07-10-2013 09:44 PM
07-10-2013 10:22 PM
Fusarium is the fungal disease also known as 'scab' or 'head blight'
This disease produces toxins or at least can produce toxins.
The toxins have fancy names but are often referred to as vomitoxin.
You can see the mould on the kernals of wheat as they become pink.
Pink kernals are suspect but the DON or toxin level is the real problem.
Infected wheat is not safe to use for human food and also can not be used for pigs.
Chickens and cattle can use a fair bit in their ration.
Toxin levels are quite low for consumption by humans so it becomes feed wheat quickly and pigs can not even eat it so really becomes cattle feed mostly.
It can reduce your income quite a bit and I have seen levels well over 20% where they do not even want to call it wheat just cheap pink cattle feed.
07-11-2013 12:41 AM
07-11-2013 05:36 AM
07-11-2013 08:00 AM
I will likely be able to answer how fusarium is discounted better in a week or so when we start harvest.
Have not been bothered with it for a few years now but I think they do a count of kernals to come with a %. Maybe by weight but I think the kernal count is correct as infected kernals are light that is why you can blow some of them out in combine.
I think % is very low in Ontario as I remember complaints of wheat being downgraded to feed to pay farmers in Ontario but elevators then able to deliver into the US market at higher prices because your grades allowed a higher %.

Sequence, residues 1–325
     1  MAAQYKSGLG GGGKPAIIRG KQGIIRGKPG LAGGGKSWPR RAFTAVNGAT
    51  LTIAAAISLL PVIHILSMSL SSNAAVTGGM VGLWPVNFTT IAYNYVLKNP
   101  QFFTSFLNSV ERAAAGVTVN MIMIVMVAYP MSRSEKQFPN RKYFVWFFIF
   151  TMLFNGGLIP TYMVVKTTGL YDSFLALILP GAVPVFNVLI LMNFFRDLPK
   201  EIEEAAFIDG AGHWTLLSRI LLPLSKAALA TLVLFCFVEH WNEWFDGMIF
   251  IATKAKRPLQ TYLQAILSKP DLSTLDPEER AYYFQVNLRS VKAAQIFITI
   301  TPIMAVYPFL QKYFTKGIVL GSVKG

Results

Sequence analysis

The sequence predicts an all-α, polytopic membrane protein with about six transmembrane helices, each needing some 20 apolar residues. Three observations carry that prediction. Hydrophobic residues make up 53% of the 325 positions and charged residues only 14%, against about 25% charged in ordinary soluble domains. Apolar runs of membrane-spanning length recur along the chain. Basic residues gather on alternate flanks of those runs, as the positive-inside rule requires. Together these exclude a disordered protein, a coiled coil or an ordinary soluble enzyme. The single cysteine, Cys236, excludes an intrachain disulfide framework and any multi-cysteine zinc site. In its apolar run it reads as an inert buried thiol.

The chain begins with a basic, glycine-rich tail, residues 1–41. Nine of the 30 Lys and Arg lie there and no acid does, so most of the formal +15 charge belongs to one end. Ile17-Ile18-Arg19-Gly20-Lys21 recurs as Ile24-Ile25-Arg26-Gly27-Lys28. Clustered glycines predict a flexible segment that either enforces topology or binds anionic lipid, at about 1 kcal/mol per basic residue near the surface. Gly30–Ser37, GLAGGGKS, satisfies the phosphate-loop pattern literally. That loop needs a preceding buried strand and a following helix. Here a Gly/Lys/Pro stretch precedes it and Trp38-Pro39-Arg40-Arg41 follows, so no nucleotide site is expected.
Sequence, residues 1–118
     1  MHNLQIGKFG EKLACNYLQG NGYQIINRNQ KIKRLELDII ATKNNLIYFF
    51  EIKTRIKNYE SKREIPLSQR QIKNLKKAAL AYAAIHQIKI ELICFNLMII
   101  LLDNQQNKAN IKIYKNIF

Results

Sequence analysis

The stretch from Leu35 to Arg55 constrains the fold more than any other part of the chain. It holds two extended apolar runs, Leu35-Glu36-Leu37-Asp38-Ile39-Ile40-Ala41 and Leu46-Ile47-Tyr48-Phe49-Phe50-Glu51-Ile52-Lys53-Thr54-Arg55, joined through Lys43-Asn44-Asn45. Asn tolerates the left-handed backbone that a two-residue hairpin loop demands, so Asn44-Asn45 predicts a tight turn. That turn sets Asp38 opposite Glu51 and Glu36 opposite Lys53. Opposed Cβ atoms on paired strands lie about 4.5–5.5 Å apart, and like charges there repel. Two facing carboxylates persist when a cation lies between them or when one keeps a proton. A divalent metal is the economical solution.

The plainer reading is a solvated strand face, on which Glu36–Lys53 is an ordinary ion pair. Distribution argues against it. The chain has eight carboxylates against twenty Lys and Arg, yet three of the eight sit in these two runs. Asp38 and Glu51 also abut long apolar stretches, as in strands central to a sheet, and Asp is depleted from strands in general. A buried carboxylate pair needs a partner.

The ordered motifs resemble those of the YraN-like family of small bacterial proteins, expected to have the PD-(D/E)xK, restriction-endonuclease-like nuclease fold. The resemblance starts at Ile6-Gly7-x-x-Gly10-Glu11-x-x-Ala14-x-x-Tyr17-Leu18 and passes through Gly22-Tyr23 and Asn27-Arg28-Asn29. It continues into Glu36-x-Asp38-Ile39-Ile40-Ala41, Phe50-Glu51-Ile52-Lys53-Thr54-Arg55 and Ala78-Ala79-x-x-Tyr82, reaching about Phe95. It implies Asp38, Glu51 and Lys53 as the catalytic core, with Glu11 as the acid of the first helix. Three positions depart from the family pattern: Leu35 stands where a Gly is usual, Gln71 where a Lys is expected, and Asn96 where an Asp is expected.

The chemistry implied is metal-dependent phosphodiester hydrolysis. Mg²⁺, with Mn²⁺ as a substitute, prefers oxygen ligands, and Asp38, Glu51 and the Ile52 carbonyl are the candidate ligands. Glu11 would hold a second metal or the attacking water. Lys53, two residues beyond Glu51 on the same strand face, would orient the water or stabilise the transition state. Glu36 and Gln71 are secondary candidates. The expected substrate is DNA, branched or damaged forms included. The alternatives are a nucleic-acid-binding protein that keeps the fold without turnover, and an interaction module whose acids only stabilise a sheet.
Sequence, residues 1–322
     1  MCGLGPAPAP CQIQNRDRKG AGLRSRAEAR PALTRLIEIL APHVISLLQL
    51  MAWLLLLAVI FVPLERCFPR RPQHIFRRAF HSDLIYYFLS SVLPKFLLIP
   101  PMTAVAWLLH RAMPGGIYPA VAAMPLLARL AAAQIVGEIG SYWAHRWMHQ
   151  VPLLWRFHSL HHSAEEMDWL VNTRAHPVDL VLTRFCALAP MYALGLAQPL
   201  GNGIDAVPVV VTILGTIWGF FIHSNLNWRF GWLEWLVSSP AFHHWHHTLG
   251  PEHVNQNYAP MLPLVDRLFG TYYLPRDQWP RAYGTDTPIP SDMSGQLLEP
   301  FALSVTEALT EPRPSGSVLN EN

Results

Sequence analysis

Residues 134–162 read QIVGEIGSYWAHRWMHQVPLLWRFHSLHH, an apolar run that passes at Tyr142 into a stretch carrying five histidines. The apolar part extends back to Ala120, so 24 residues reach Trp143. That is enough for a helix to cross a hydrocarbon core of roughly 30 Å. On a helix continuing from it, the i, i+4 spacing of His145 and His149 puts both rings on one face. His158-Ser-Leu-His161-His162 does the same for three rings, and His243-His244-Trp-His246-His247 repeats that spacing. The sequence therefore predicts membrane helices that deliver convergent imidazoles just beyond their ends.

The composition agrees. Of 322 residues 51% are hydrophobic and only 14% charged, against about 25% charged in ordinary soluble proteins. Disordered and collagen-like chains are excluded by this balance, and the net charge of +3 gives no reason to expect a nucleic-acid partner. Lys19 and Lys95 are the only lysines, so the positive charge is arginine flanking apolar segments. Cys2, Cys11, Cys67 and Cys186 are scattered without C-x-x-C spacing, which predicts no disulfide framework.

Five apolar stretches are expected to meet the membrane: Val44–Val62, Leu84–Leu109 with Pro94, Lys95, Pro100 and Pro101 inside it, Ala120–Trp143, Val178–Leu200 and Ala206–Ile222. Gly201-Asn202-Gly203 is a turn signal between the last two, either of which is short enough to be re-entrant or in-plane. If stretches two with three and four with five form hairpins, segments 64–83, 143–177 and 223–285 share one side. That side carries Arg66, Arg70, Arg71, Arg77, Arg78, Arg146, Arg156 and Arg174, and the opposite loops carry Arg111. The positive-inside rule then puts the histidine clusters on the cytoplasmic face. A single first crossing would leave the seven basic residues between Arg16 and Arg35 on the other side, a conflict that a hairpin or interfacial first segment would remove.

Quick search for grade tables here and all I found is one that says less than 1% Grade #2 less than 1.5% for Grade #3 and over 1.5% = feed
If my memory is correct when it goes over 10% they call it sample, not even feed grade.
Discount on price for #3 is listed as $10/tonne. Can be sprouts or other reasons for #3 too.
No listed discount for feed. It may be market determined each year.
One year we had wheat at 20+% as high as 50% in some samples/loads and they did not even call it wheat for marketing.
Could not sell it for a while until at least one elevator found a market for it and called it just 'cheap pink cattle feed. '
07-11-2013 08:03 AM
I usually buy my seed, keep some when years are good quality.
Do not know what the regulations are but when they put the seed treatment on it you never know.
As for infection spreading I think it is in the soil and can infect other crops too with correct conditions.
Corn is another crop that can be imapcted, makes it bad for pig feed too.
07-11-2013 11:06 AM
"Pink kernals are suspect but the DON or toxin level % is the real problem."
To the best of my knowledge, the % of pink and or shrunk light kernels is only a rough indication of a % toxin problem. Its the % of actual toxin level that is the most important number, therefore, sending a sample away for test results may be helpfull for borderline visual kernel count percents. Then again, I have heard of guys recleaning and blending to up-grade a sample-grade. Some elevators do this for you and even give the farmer the upgrade premium if they are successful.